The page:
The Death of Amy Winehouse

July 25th, 2011

As you may have heard, British pop star Amy Winehouse was found dead in her London home on Saturday. An uproarious social media response to her death revealed much about our attitudes toward those struggling with substance abuse.

It’s an unfortunate coincidence that Winehouse, who struggled with heavy drinking and hard drug use, was most famous for the song, “Rehab”, which contains the refrain “They tried to make me go to rehab but I said ‘no, no, no'”. Even though details of her autopsy have not yet been released, many a tweet/blog post/status update has been posted proclaiming that Winehouse should have, in fact, said “yes, yes, yes”.

To be sure, the way in which Winehouse was portrayed in the media (read: poorly) is partially responsible for these cavalier responses. It seems that, with enough tabloid fodder, a public figure can be reduced to a circus act. Nonetheless, if Winehouse had been found murdered, the collective response would have been much different.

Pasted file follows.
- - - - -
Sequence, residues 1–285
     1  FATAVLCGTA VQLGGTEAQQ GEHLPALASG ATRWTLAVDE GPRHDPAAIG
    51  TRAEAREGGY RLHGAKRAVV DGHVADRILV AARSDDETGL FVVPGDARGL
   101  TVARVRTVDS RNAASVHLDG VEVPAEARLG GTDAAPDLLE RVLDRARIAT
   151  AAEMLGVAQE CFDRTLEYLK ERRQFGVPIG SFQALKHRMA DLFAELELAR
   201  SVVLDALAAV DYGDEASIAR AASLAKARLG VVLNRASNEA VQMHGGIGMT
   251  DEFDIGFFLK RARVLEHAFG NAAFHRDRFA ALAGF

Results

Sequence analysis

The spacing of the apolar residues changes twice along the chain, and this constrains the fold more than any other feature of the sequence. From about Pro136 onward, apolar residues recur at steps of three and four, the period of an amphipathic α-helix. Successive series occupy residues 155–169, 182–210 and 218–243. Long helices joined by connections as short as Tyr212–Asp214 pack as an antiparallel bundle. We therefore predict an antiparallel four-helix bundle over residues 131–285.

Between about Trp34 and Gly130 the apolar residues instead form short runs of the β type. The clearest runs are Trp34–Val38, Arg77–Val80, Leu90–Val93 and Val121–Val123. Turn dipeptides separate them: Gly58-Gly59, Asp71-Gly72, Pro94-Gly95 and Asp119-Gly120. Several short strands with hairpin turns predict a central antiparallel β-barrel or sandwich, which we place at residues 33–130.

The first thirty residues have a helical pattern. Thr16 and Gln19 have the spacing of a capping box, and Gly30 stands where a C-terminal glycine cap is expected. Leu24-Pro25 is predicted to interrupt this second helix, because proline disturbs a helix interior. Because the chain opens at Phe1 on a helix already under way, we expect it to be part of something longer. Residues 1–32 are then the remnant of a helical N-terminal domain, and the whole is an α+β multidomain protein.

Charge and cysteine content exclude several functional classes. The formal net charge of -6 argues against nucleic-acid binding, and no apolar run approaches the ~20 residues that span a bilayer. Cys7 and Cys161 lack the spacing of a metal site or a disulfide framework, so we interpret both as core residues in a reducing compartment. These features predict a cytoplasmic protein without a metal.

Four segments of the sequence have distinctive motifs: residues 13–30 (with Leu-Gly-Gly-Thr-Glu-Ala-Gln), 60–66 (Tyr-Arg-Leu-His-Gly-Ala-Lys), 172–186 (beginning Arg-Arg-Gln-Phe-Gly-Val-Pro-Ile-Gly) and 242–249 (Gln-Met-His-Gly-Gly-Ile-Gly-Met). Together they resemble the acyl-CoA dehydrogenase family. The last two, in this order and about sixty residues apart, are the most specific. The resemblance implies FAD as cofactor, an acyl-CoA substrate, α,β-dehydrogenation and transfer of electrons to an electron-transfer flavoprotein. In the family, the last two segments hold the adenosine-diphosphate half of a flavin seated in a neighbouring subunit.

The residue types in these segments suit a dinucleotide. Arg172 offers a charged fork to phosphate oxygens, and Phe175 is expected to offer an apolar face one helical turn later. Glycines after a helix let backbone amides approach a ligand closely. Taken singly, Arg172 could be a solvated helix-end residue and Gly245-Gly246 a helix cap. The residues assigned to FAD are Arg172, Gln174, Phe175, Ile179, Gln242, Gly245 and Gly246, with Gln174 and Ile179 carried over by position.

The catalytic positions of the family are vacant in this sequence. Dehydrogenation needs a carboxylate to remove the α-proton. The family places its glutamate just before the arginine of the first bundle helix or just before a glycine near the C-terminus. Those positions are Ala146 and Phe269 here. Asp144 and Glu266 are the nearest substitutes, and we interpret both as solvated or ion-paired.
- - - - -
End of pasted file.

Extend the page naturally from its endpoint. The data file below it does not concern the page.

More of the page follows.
Yes, drug use is a choice in a way that being murdered is not, so this isn’t a parallel comparison. However, if we find that Winehouse’s death was in fact caused by substance use, the details of her death would in many ways be the same as if she were killed: in either case, a young, talented human being suffered and died as a result. We lost her possible contributions, a mother lost her daughter, friends lost their confidante…it goes on.

I think it can be comforting to point at a deceased drug user and attribute their demise to bad choices, because it solidifies one’s sense of control over one’s fate. However, following that impulse only makes it more difficult to identify and eliminate the reasons for drug use. If we allow our tendencies toward blame and criticism to get out of hand, the war on drugs will forever be a stalemate.

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